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The driver of cloud success in 2013 will not be single-fold, but rather a virtuous cycle of more organizations coming forward who have realized great value from the cloud, which will drive increased education and understanding, and more IT organizations driving up the stack with their cloud implementations. For example, check out this Forrester write up on the Commonwealth Bank of Australia. As more and more stories like this emerge, cloud providers will see value, not commoditization, driving cloud growth. From your list, Tom, we are seeing DevOps kick-start this virtuous cycle as businesses are forced (regardless of technology) to compete and develop at the speed of the market. To get new capabilities to market faster, and address market needs before the competition, business must explore how DevOps supported by a cloud management platform will allow them to get their capabilities to market faster and faster.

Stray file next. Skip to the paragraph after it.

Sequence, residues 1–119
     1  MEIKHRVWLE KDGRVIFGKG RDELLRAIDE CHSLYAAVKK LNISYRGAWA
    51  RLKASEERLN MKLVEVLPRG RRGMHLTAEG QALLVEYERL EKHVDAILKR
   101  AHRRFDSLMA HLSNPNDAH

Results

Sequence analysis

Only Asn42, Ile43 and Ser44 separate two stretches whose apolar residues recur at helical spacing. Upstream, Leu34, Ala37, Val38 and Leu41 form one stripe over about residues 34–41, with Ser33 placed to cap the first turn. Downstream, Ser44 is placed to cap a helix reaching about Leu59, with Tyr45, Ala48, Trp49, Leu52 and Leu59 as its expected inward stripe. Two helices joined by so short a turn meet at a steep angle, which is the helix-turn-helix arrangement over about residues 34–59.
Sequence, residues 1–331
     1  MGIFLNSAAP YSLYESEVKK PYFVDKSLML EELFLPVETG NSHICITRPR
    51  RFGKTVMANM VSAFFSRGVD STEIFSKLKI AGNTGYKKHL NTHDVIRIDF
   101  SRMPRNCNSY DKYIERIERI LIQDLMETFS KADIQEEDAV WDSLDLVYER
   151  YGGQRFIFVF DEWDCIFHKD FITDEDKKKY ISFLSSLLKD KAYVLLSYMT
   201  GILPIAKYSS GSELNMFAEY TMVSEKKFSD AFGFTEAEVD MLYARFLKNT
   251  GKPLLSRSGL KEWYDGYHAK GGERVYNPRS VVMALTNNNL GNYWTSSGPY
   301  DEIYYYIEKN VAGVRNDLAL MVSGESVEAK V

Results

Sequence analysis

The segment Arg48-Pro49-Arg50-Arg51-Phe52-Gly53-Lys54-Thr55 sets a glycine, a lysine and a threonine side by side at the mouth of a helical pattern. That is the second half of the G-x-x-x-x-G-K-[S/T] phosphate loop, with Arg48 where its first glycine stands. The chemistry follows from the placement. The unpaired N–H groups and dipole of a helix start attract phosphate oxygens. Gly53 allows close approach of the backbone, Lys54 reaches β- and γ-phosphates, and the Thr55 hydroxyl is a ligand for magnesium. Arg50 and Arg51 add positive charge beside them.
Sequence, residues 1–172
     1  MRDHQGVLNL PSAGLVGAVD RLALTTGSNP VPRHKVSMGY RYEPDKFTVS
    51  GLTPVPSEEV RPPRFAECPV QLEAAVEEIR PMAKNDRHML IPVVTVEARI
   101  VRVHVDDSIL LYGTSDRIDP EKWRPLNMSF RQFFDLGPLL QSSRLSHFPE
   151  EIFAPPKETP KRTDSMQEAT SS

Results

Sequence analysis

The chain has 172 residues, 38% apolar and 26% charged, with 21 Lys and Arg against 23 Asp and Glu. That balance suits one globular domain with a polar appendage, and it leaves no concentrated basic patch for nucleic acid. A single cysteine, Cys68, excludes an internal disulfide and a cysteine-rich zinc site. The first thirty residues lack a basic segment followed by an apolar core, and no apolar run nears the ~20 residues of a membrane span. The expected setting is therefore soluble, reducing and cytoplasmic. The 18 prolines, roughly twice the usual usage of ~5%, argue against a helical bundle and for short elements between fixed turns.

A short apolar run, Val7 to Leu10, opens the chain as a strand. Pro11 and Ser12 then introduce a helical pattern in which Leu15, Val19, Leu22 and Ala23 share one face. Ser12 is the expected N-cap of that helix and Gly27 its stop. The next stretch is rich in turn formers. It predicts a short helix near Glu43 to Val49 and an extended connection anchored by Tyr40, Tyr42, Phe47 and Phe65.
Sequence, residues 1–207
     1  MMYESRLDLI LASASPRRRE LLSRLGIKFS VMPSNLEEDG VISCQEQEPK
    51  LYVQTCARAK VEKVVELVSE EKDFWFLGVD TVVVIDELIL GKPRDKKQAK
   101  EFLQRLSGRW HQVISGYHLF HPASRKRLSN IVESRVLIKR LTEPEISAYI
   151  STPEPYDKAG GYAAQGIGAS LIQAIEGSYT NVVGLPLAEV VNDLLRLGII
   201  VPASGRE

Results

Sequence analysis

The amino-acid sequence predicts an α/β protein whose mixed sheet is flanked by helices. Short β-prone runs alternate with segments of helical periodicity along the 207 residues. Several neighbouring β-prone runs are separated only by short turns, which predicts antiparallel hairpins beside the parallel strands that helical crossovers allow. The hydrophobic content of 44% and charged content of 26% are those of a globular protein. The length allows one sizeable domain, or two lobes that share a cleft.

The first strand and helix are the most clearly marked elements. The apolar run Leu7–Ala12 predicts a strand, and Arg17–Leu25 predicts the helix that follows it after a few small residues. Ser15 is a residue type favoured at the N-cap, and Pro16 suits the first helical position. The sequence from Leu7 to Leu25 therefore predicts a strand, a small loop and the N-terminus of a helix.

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predictable cost model. 2014 will be a more likely candidate for PaaS to become a bigger deal. Right now there is still too much investment in prior technologies to retool to a PaaS model.
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In addition to buyer confidence, stiff competition among cloud providers and low cost of hardware shall drive the cloud adoption.
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Cloud needs better network infrasturcture.
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Undoubtedly PaaS will dominate the rest of the year. In this market, i especially am impressed by the Red Hat's OpenShift Origin project which is now on full competition with CloudFoundry in attracting independent Cloud providers to adopt as their foundational technology.

Secondly, I do see that SLAs will become more important at the PaaS and SaaS layers with focus moving higher from system level usage like CPU, RAM, etc. towards Performance, Availability and Scaling which the end users can better relate to.
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Enterprise will, "Rehost -> Refactor" their IT env by startwith non critical mundane workloads public. Public PaaS will take a while to pickup.